By Compiled from Times wires
© St. Petersburg Times, published September 17, 2000
PHILADELPHIA -- Dec. 13, 1996, was the day the unthinkable happened in New England. It was the day the beloved Boston Red Sox let Roger Clemens walk away and sign as a free agent with the Toronto Blue Jays.
In his attempt to let rabid Red Sox fans know that parting with a three-time Cy Young Award winner was the right thing to do, Boston general manager Dan Duquette made the now-infamous observation that Clemens was "in the twilight of his career."
Everyone should have such brilliant twilights.
Since leaving Boston, Clemens has chiseled a few more impressive feats onto his Hall of Fame plaque. He won two more Cy Young Awards in Toronto and last year earned a World Series ring with, of all teams, the hated New York Yankees. (Take that, Duquette.)
Now, at age 38, Clemens is once again showing how foolish Duquette was to make that "twilight" remark four years ago.
After a lackluster first half of the season, Clemens has reminded everyone that he still is one of the game's most dominant pitchers. His fastball is regularly topping 95 mph. His splitter has been devastating. He's pitching like he's 28 again. Call him Retro Rocket.
"He's been like a locomotive," Yankees manager Joe Torre said. "He's getting stronger and stronger.
"He's got that old body language and attitude that he goes out there and dares people to beat him."
Clemens hasn't lost since June 9. Since coming off the disabled list July 2, he is 9-0 with a 2.21 ERA in 15 starts. He has pitched seven or more innings in 12 of those 15 starts. He has taken a rotation on the brink of falling apart in July and given it a rock at the most crucial stage of the season.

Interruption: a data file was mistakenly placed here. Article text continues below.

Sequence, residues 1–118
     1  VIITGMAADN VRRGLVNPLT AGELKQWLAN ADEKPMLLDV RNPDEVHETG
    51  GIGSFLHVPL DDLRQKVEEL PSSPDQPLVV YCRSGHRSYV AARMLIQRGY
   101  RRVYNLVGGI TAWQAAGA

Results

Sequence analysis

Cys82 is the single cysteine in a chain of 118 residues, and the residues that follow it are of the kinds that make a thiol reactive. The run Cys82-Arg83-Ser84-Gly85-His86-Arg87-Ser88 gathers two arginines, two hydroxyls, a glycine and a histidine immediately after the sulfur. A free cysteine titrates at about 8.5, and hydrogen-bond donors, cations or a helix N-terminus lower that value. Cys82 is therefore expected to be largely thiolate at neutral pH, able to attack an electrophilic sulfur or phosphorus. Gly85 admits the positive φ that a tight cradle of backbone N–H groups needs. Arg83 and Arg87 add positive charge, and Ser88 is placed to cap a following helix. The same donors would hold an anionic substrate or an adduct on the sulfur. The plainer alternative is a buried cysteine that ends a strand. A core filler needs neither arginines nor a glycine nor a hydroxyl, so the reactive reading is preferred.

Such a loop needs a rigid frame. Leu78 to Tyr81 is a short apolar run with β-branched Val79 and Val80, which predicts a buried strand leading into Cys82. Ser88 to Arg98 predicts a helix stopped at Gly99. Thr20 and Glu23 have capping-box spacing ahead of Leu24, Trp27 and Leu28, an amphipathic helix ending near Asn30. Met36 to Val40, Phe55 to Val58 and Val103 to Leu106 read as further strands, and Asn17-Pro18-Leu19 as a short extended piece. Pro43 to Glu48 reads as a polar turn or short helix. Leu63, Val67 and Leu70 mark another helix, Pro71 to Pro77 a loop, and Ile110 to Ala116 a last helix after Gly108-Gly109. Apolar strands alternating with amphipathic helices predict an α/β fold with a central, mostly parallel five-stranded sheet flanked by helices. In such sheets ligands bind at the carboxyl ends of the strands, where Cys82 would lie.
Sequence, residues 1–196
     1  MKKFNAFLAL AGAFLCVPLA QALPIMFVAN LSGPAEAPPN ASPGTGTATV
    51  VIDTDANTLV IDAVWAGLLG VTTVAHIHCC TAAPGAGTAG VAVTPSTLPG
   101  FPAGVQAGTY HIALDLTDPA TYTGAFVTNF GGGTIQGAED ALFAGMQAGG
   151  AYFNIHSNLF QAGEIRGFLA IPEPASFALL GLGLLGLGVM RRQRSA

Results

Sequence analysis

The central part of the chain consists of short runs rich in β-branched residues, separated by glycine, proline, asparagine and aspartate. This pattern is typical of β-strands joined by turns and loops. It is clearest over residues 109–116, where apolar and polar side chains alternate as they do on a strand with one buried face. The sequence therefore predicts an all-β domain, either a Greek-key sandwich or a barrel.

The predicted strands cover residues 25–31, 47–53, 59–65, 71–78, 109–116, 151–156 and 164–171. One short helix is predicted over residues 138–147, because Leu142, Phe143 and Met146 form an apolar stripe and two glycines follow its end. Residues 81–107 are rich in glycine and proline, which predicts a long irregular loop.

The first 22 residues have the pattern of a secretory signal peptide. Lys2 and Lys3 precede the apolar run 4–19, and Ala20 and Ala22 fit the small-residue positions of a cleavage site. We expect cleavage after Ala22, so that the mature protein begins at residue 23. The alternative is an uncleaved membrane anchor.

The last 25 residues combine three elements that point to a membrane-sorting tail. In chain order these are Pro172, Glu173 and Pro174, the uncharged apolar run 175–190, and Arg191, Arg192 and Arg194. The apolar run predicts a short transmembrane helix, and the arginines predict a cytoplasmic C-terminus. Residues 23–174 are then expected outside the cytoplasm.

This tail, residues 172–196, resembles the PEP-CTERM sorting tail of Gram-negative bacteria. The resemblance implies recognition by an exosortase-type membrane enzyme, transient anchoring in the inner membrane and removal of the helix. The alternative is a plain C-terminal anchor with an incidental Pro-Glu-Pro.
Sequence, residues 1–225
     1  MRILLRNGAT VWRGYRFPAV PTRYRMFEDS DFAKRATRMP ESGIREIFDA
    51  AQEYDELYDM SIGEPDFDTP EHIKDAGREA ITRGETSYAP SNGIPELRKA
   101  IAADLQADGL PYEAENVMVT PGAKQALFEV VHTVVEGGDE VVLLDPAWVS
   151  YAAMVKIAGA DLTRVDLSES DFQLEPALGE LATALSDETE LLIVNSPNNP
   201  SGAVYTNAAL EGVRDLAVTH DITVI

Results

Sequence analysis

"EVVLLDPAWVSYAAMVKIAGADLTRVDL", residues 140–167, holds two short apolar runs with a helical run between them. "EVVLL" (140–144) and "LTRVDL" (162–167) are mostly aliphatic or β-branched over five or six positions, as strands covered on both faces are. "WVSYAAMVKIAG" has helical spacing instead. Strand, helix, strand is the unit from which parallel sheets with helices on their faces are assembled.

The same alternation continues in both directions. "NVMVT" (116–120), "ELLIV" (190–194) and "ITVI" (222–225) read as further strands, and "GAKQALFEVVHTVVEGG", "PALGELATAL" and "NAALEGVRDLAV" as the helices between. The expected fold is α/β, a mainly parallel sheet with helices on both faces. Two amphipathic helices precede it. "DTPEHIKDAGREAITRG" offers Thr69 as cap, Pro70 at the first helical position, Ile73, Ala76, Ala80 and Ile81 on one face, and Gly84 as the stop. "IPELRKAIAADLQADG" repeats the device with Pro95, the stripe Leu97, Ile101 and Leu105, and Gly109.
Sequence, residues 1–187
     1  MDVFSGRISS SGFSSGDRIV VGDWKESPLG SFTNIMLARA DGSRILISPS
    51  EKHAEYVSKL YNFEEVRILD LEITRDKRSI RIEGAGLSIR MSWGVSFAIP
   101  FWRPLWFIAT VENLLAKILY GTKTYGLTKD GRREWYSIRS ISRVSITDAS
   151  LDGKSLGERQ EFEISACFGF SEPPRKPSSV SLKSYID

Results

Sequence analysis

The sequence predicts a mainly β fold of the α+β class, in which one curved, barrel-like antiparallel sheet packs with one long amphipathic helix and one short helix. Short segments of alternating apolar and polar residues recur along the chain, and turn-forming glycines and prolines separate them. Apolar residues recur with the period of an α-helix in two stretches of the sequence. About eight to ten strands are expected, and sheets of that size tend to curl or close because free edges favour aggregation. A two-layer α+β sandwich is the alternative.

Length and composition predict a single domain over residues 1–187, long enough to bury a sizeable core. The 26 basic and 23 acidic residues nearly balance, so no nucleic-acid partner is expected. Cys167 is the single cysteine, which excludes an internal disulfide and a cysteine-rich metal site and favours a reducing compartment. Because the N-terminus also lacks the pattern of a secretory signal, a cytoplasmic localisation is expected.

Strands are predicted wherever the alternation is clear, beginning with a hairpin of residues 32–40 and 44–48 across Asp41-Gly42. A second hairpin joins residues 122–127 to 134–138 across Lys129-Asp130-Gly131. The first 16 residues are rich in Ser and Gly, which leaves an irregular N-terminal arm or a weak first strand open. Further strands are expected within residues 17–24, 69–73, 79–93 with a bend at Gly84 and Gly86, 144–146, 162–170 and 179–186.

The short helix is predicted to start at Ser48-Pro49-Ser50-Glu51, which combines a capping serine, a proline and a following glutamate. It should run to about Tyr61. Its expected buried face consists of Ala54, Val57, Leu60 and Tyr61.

Clemens' second-half charge has earned him a three-year contract extension and has given people legitimate reason to believe he can reach 300 wins (he's currently at 260) and become the all-time American League strikeout leader.
With 3,486 career strikeouts, Clemens needs 23 to break Walter Johnson's AL record of 3,508. Nolan Ryan is the major-league strikeout king with 5,714. He recorded 3,355 of them in the AL.
The keys to Clemens' recent rise -- and his future success for that matter -- have been his health and his decision to start commanding the inside corner again.
Clemens has always been a "legs" pitcher.
Over the past two seasons, however, Clemens has had leg problems. And when his legs aren't healthy, he's very average. Last season, he battled a left hamstring pull and finished 14-10.